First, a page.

During the last two years of the Obama administration, the president appears determined to make good on one of his first campaign promises -- to close Guantanamo Bay. The Virginia-trained general who built GTMO reflects on what happened there, shared little-known details about life at the island prison with an audience at the University of Richmond.
Major General Michael Lehnert had completed many challenging assignments in more than 30 years of military service, but none quite like the order he got in January of 2002.
“I had to put a task force together, fly to Cuba, build the first hundred cells within 96 hours on receiving that deployment.
He and his team did the job in 87 hours, using materials already on hand.
"Since building materials couldn’t be shipped down in time, I stripped everything from the naval base I could get: metal, wire mesh, anything to build these cages. That’s what they were."
But building was the easy part. Next came the challenge of governing the place. Under the Geneva Conventions, Lehnert thought detainees should have Article Five hearings
“If you pick someone up you have a hearing to determine whether there’s enough information to keep them as an enemy prisoner of waror if there’s a possibility they may, in fact, be guilty of war crimes. In most cases those things did not happen.”
The Bush administration claimed these prisoners were not entitled to hearings - that they were the worst of the worst, but Lehnert was skeptical.
“Our lack of cultural awareness in Afghanistan made us easy marks for tribal leaders, because what we did was we paid for prisoners. Now if you understand anything about the tribal culture, they go back a long way. Y’know, ‘My great granddad killed your great granddad.’ So we went to them and we said, ‘We’ll pay you $3,000 to $25,000 depending on how bad they are, and guess what! They found a lot of bad guys, because they could get rich doing it.”
One of those who was picked up and sent to Guantanamo was known as Wild Bill.
“Wild Bill was an Afghan that was picked up on the battlefield, stark naked, with a white bird feather in his rifle. He had been twice diagnosed by our doctors as psychotic, however he was sent anyway, and he would scream all day. He’d pick a single number and scream it over and over again - either in English or Arabic or Pashtun, and he would throw his feces at the rest of the prisoners and the guards, and to say that it upset both the guards and the prisoners was an understatement. + so I asked the administration authorities for the basis on which he was sent, since his mental state made any information that he might have deeply suspect. The response, by the way, from the folks in Washington was a deafening silence.”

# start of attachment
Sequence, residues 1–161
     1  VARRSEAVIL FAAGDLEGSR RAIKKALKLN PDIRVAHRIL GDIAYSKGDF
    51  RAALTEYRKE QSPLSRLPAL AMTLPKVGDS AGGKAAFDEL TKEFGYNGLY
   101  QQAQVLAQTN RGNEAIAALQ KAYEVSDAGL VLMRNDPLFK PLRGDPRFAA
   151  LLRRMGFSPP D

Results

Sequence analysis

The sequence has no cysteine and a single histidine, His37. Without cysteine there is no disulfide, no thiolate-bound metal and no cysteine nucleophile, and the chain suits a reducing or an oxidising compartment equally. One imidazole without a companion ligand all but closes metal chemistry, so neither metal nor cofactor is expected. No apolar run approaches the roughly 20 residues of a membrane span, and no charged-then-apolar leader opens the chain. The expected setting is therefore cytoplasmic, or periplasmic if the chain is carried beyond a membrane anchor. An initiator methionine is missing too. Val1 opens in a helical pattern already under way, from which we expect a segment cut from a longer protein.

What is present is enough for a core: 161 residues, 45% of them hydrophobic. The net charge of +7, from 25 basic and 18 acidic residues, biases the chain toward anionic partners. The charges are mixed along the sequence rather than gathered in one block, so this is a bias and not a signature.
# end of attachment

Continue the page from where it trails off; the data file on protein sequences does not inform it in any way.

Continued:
Meanwhile, military doctors began caring for the detainees who Lehnert says suffered from a variety of medical problems.
“Most of them were old injuries and illnesses, diseases and frostbite. Medical support was provided by the U.S. Navy, and I will tell you that the job those Navy Corpsmen and Navy doctors did was incredible - something that probably would have made you proud of them.”
But Americans might not be so proud of the men and women charged with guarding the prisoners. Some were marines, others members of the army reserve.
“Most were from West Virginia or Southern Ohio. Many in the unit had some background as prison guards but absolutely no cultural training. For most the first Muslim they ever met was the detainees, and the linguists who had been sent to interpret for them. They didn’t trust either. For many, any soldier who spoke anything but English was suspect.”
In our next report, we’ll tell you how General Lehnert tried to protect the prison population at Gitmo, why some politicians made the job difficult and how Islam helped him to better manage the prison population.